Doctor’s Orders?

FRI 11/19
Playwright Rick Schweikert had taken a break from his craft. But then he discovered something so alarming that he had to get back to work. And still, even after multiple nationwide performances of Un Becoming, he says, “I can’t believe I’d ever write a play about hysterectomies.” Un Becoming explores the medical establishment’s propensity toward unnecessary hysterectomies, focusing mostly on the procedure’s devastating physical and emotional impact. “This is more a humanitarian issue than a women’s issue,” Schweikert says. Nora W. Coffey, the founder of the HERS (Hysterectomy Educational Resources and Services) Foundation, conducts a discussion after the 7 p.m. reading Friday at Late Night Theatre (1531 Grand, 816-235-6222).

Schweikert remembers one particular statistic that hooked him on the project. “According to the Centers for Disease Control,” he says, “one in every three women will have her uterus removed before she’s 60.” He cites a host of heinous side effects, including the significant loss of sexual feeling.

“The situation is a microcosm of what’s wrong with our society — the sexism, racism and greed,” he says. “If something similar was happening to men, this wouldn’t even be an issue.” They’d be hysterical. — Steve Walker

Lord of the Chords
Don’t fret for the future of classical guitar.

SAT 11/20
The riffers of the Kansas City Guitar Society may be acoustic, finger-style guitarists, but they aren’t afraid to crank it up, we discovered. This past summer in Loose Park, we stumbled across a recital by two amped-up KCGS fellows churning out an aggressive, discordant postmodern piece that easily drowned out a nearby pack of hippie bongo beaters. KC musician Chris Hudson should have less competition Saturday in the atrium of the Kemper Museum of Contemporary Art (4420 Warwick), where, at 2 p.m., he plays the season finale of the society’s Casual Concerts at the Kemper six-string music series. Attendees may sit and listen, roam the gallery or bask in the steam rising from a Café Sebastienne risotto dish as Hudson plays his own compositions, plus a few by Astor Piazzolla, the Argentine master of sleazy tango. Call 816-942-1203 for more information. — Jason Harper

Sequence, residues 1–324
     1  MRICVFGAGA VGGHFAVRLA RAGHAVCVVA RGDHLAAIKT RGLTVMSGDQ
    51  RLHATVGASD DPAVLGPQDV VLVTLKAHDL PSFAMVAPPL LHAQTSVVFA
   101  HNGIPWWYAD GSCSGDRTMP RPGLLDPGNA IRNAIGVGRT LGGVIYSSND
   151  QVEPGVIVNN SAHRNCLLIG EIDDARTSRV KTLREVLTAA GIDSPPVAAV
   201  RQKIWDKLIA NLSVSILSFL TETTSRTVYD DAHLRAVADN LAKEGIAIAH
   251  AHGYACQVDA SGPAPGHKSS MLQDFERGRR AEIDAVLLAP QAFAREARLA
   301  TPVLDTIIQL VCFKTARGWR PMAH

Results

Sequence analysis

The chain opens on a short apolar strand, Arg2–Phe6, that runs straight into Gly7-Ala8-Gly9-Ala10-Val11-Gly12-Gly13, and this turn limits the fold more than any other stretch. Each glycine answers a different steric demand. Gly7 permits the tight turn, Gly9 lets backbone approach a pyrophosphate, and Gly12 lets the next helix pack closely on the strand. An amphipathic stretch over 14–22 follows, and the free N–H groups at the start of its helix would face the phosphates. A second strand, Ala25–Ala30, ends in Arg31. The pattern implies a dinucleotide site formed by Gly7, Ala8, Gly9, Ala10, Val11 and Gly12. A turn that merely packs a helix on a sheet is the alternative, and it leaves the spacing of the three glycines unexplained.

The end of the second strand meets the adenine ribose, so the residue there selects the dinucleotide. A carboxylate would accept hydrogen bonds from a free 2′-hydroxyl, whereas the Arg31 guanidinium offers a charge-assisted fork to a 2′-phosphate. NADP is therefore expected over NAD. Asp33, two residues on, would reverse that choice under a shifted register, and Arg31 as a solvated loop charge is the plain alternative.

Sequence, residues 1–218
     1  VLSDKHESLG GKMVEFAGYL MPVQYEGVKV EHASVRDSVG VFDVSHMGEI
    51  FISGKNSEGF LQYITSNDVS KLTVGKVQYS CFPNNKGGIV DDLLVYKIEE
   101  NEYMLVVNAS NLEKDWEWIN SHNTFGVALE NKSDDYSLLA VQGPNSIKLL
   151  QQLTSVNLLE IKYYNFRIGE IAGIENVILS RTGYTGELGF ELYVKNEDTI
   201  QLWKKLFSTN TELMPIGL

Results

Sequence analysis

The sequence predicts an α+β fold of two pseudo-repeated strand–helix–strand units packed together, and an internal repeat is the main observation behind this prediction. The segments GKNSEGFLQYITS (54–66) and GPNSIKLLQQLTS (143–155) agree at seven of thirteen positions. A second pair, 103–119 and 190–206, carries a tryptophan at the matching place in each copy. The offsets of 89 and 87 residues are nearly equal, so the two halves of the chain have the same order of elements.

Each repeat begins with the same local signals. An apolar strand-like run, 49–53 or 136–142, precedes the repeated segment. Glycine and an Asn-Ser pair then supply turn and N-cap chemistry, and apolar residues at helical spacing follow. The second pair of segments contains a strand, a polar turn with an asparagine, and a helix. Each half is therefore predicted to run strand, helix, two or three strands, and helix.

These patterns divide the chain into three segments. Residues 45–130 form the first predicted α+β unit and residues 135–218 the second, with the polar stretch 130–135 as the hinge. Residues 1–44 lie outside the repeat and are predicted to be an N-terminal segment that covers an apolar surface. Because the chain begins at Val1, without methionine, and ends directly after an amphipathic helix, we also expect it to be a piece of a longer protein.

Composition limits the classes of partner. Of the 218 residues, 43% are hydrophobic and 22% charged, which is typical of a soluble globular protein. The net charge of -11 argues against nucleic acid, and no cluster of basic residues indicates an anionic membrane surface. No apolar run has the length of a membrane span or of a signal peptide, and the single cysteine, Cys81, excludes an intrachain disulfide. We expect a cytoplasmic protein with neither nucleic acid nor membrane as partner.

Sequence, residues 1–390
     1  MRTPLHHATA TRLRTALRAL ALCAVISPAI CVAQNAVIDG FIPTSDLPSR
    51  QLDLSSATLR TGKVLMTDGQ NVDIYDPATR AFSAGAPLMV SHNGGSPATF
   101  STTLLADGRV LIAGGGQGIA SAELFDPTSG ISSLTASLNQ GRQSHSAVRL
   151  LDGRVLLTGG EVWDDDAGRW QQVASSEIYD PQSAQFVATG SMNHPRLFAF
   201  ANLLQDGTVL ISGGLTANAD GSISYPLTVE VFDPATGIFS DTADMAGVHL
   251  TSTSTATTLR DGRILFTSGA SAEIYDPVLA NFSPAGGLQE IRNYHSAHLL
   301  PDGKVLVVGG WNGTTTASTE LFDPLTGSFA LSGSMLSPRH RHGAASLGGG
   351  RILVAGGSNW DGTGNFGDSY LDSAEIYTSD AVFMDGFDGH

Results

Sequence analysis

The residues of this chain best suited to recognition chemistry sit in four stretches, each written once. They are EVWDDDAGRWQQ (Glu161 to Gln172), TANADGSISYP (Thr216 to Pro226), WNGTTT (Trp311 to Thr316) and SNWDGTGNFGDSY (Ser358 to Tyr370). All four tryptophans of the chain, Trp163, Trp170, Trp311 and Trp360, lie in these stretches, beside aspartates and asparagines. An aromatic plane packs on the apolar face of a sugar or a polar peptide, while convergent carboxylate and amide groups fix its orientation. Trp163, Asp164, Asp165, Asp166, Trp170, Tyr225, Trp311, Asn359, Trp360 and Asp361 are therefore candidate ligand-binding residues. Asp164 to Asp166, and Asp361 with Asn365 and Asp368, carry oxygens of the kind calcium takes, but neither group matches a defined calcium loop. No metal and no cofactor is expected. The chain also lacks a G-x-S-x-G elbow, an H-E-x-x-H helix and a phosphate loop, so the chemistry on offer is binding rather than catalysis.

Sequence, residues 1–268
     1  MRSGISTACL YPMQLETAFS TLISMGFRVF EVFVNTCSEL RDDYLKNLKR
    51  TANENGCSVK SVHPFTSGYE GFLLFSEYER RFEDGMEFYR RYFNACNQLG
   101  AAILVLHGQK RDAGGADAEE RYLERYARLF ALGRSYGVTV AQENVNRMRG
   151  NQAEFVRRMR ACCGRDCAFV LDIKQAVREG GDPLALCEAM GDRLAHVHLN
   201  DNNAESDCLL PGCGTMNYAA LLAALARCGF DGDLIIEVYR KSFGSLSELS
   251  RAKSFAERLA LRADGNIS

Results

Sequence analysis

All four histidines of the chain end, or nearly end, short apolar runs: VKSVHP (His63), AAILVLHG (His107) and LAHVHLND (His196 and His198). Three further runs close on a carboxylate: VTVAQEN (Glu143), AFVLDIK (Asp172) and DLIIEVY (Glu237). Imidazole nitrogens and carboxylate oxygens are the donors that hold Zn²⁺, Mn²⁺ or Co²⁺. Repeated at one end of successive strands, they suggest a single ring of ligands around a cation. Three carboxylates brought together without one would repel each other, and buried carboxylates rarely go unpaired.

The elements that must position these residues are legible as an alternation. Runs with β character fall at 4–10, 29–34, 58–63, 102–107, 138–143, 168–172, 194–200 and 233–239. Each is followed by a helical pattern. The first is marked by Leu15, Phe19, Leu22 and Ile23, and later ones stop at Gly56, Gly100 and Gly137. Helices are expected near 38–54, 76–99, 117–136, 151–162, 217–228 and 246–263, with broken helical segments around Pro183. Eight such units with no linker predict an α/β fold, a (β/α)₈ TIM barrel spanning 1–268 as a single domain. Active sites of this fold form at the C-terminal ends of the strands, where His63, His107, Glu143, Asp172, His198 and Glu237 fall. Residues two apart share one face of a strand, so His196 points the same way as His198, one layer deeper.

Happy Days
Alzheimer’s gets a dose of optimism.

FRI 11/19
Kansas City’s Storling Dance Theater, a neoclassical ballet company co-founded by Mona and Jeremiah Enna, has a way of manipulating depressing themes into bizarrely uplifting narratives. The troupe accomplished it in 2002 with The Prodigal Daughter, in which the supporting characters were simply bad decision makers instead of the usual irredeemable sinners. Now Storling is doing it again with Butterfly. It’s the story of a woman with Alzheimer’s disease. But instead of dwelling on the degenerative aspects of the illness, the ballet is about the love and support of the woman’s friends and family. The performance is at 7 p.m. Friday at the Folly Theater (300 West 12th Street, 816-474-4444). Tickets start at $20. — Annie Fischer

Calling All Hombres

FRI 11/19
With Johnny Cash gone, the future is bleak for noncastrated outlaw country music. Desperados, take note: The USA Network’s milquetoast honky-tonk talent show Nashville Star holds a casting call at 10 a.m. Friday at the Beaumont Club (4050 Pennsylvania). It’s time to take back country from the crossover wusses and replace the bubble gum with whiskey and chaw. Get movin’. Go to www.usanetwork.com/nashvillestar for information. Harper